On whether Samarie Walker’s steadiness is what he looks for from a senior …
“Yes, production wise, just being productive and as a coach being able to go into a game and count on someone to give you something consistently is very, very valuable. And so she’s been able to do that. I just love Samarie so much and she’s grown so much since she’s been here and that’s really the goal for us, is to, through the game of basketball, help them become the kind of people they can become. And so I’m still working with her on keeping her head up after tough plays and not getting down herself and not letting external things affect her. And I think she’s probably done that more successfully this season than at any point in her career. Still think we have some work to do in that area. I really want her to fully mature as a player and, you know, really get that. She’s just done so much for us this year and she’s doing a great, great job and she’s being so productive and as a coach you’re always trying to push your players to be their best and to really fully realize their potential. And so there are some things that we’re trying to work with her on right now, but it sure is comforting to know that you have that productive a player who’s playing that consistently well.”
On if Samarie is more emotionally consistent this season…
“Yes, she’s much more consistent with that. She still lets some things bother her that I wish she wouldn’t let bother her, but she’s much better and God bless her for doing the work to turn that around. A lot of people just won’t accept it and won’t even look at it and won’t even say, `hey, I have to work in this area,’ and she sure has worked in that area. I think she’s done a great job. I think her coaches have done a great job of spending time with her and trying to talk her through things. (Assistant coach) Shalon (Pillow) has just spent hours with her, talking to her and trying to help her grow as a person and as a player. All of our coaches have been real supportive of her and she’s been really good this year.”
On how much more upside Samarie has during the final stretch of the season…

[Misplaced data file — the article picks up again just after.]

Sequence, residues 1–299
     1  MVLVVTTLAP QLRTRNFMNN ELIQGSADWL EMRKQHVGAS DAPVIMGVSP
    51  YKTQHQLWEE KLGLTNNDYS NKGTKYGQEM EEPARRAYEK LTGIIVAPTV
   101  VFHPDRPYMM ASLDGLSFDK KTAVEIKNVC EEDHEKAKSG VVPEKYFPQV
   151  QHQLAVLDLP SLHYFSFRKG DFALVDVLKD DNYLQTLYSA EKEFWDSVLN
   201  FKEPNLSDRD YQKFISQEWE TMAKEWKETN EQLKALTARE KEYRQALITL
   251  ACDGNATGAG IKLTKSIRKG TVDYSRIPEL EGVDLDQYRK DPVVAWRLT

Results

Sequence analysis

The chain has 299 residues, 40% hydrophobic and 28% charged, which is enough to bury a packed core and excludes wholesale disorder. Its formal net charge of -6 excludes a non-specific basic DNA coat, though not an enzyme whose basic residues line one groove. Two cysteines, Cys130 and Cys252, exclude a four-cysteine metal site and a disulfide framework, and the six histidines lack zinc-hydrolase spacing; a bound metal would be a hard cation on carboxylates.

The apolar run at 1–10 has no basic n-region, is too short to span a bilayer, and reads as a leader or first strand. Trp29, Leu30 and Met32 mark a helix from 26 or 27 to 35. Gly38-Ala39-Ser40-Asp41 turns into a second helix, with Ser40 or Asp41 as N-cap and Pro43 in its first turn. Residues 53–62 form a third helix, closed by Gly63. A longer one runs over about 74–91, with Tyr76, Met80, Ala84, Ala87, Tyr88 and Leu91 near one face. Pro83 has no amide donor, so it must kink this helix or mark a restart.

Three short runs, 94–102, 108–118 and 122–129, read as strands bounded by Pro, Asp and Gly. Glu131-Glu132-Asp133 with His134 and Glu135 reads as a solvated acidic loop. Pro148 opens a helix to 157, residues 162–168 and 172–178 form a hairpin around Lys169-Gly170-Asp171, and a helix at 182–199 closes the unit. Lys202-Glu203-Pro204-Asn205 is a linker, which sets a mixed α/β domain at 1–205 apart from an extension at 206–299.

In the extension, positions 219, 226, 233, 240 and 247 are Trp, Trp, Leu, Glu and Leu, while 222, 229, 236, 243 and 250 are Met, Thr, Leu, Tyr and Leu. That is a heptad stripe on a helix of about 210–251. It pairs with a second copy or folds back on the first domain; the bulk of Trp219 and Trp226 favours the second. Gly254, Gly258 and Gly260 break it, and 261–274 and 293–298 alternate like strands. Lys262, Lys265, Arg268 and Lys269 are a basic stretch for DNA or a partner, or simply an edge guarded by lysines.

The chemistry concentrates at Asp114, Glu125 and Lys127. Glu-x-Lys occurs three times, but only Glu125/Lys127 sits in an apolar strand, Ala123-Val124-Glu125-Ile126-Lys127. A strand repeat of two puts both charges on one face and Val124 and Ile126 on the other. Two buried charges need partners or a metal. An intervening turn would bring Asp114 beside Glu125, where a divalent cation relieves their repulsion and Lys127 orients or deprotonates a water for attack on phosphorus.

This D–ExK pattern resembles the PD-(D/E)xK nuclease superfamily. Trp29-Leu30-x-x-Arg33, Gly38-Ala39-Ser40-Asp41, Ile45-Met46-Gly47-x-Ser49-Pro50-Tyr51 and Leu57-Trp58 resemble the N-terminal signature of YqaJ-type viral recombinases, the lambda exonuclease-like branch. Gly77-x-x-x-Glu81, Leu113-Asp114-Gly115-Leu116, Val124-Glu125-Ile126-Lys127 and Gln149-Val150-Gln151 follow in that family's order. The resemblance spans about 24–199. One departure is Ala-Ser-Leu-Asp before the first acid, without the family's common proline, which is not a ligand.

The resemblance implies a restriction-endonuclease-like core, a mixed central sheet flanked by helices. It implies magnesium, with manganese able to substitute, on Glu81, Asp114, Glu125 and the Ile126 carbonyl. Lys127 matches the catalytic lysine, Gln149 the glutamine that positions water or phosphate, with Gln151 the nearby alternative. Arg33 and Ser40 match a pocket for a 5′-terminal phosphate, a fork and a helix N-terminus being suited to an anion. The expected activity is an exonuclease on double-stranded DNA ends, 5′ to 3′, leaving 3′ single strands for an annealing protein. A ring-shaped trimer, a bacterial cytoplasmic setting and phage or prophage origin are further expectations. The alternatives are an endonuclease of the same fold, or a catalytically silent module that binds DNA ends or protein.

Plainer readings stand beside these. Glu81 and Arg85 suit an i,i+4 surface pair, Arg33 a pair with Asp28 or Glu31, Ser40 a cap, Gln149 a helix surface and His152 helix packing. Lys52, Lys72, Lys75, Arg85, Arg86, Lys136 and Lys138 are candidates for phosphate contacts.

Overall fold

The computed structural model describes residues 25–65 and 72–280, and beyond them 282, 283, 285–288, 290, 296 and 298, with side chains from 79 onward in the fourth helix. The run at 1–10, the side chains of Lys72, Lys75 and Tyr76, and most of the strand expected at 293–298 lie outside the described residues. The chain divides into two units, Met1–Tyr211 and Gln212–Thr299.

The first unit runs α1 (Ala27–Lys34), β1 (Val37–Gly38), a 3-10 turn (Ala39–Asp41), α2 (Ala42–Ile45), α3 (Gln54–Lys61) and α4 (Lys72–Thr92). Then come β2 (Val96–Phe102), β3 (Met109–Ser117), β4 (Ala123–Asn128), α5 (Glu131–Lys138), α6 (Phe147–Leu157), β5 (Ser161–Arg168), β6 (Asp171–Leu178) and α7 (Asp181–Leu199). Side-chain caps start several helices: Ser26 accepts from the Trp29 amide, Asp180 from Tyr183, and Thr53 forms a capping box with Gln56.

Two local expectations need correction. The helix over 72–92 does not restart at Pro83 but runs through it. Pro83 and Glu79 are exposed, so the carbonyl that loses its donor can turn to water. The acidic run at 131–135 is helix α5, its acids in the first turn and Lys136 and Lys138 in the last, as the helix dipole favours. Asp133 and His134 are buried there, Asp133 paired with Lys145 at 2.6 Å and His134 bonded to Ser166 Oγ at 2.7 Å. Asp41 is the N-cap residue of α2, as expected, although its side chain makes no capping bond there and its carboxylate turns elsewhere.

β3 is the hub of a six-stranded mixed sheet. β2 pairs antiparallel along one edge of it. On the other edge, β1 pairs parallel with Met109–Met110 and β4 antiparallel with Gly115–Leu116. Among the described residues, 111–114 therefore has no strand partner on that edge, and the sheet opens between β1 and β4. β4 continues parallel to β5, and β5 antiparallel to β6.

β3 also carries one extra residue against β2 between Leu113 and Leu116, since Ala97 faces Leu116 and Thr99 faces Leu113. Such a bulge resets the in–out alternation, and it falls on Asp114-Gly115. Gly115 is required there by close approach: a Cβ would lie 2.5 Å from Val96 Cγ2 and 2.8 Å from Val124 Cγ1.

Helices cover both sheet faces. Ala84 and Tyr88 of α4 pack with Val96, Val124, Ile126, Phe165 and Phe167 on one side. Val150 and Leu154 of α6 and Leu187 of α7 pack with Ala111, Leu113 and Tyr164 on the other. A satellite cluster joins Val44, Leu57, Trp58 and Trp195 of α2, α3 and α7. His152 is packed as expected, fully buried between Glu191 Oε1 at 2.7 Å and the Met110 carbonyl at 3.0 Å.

“I think she can grow a lot. I think that when we’re in shooting drills and she’s just having fun and she’s not putting a lot of pressure on herself, she just has outstanding range. She has 3-point range. When she gets into a game I’m afraid she limits herself, so that’s what we’re trying to work on with her right now. We’ve played a couple opponents that are standing from me to the cameras away from her and she’s 15-feet out and that happened in the South Carolina game and I said never again. That can’t happen. If you’re 15 feet out and they don’t guard you, you’ve got to take that shot in rhythm with confidence. She did it against Missouri and I don’t even care if she makes it. If she’ll step in with confidence and do that, she’ll make plenty of them. To me, that’s the mental part of her realizing what she can do and that’s a huge advantage for us just the way people are playing us defensively. They have a lot of respect for what DeNesha, Samarie and Azia (Bishop) can do around the basket. They have a lot of respect for how quick our guards are and can get in the paint and you are just seeing a sea of humanity in the lane. It’s incredible, they are just in the lane and so at some point somebody has to make some 13, 14, 15-foot jumpers. Samarie can do that, so I think that can happen with her and just with her mental and emotional stability of playing through bad plays, bad calls, mistakes she makes or whatever it may be, those two things right there we can still do better and we’ll just keep fighting and keep plugging and keep coaching her until the very end. It’s just too important for these seniors right now in the moment – and this is what I tell them all the time – in the moment it’s important, but gosh it’s going to be even more important for them five or 10 years down the road. This is their last chance to get as much as they can get right now. We’re still working hard with Samarie and all our players.”